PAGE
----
MGIT uses fluorochromes, giving early growth (7–12 days) for detection and drug screening, which makes it highly useful for rapid phenotypic drug susceptibility. Apart from its high turnaround time, limitations of culture methods include low sensitivity in EPTB and paediatric TB disease, because of the paucibacillary nature of the test; also, cultures are highly prone to the growth of other microorganisms and need decontamination, which can affect the mycobacterium as well. It requires dedicated facilities and infrastructure along with skilled laboratory personnel and specialised biosafety conditions.14 16

Finding a reproducible, efficient, cost-effective tool with minimal infrastructure requirements is an ongoing search under TB diagnostics.

The principles underlying the treatment of pulmonary TB also apply to extrapulmonary disease, including lymphadenitis. The objectives of TB therapy are to reduce rapidly the number of actively growing bacilli in the patient, to eradicate populations of persisting bacilli to achieve a durable cure (prevent relapse) after completion of therapy, and to prevent the selection of drug-resistant bacilli during therapy.17

According to the recent changes in the RNTCP guidelines, the principle of TB treatment has been shifted towards a daily regimen with the administration of a daily fixed dose combination of a first-line anti-tubercular drug (ATD) as per the appropriate weight bands, with treatment in the intensive phase comprising 8 weeks of isoniazid, rifampicin, pyrazinamide and ethambutol in daily doses as per four weight band categories, with pyrazinamide stopped in the continuation phase, and the other three drugs continued for another 16 weeks as daily doses.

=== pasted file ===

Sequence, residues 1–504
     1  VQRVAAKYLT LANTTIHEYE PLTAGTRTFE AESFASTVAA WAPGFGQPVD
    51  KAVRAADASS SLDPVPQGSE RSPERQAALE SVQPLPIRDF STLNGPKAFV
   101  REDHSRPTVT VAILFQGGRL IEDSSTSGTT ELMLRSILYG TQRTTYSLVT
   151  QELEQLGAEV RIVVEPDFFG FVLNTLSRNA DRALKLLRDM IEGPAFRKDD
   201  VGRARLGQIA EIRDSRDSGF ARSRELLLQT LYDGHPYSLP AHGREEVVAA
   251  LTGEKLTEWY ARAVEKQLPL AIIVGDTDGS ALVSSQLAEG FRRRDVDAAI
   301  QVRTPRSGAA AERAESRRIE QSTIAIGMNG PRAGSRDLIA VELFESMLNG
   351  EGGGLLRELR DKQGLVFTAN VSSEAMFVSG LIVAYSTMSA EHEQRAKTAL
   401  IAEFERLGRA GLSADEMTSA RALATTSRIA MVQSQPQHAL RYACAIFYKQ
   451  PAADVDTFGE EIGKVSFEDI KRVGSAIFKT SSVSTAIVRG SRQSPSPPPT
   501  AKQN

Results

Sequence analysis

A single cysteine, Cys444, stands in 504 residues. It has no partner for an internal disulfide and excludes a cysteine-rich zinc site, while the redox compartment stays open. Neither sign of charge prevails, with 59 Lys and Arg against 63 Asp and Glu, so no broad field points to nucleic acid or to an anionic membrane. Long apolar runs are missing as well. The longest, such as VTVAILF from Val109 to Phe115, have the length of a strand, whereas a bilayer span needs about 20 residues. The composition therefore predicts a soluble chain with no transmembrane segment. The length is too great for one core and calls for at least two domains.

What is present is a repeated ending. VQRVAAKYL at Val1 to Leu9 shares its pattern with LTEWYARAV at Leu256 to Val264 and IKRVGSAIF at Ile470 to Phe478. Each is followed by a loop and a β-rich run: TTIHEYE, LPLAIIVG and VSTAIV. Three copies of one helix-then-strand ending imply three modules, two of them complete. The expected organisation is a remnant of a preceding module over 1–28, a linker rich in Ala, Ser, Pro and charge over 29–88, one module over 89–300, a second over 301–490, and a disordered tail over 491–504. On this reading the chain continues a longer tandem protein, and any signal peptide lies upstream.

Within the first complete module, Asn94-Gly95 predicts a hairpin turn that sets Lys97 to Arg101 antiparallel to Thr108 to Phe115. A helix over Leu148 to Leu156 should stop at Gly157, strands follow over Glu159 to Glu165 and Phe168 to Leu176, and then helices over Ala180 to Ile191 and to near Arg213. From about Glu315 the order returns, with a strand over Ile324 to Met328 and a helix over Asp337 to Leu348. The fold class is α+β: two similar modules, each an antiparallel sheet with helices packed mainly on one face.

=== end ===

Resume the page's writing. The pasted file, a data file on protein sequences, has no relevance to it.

In the management of EPTB, the change implemented in the continuation phase in both new and previously treated cases may be extended to 3–6 months in certain types of TB such as central nervous system, skeletal, and disseminated TB. After completion of treatment, the patient should be followed up at the end of 6, 12, 18 and 24 months; in comparison there was no provision for long-term follow-up in the previous guidelines.18 19

The definition of presumptive drug-resistant TB (DRTB) includes TB patients who have failed treatment with first-line ATDs, TB patients who are contacts of DRTB, TB patients who are found to be positive on any follow-up sputum smear examination during treatment with a first-line ATD, previously treated TB cases, and TB patients with HIV co-infection.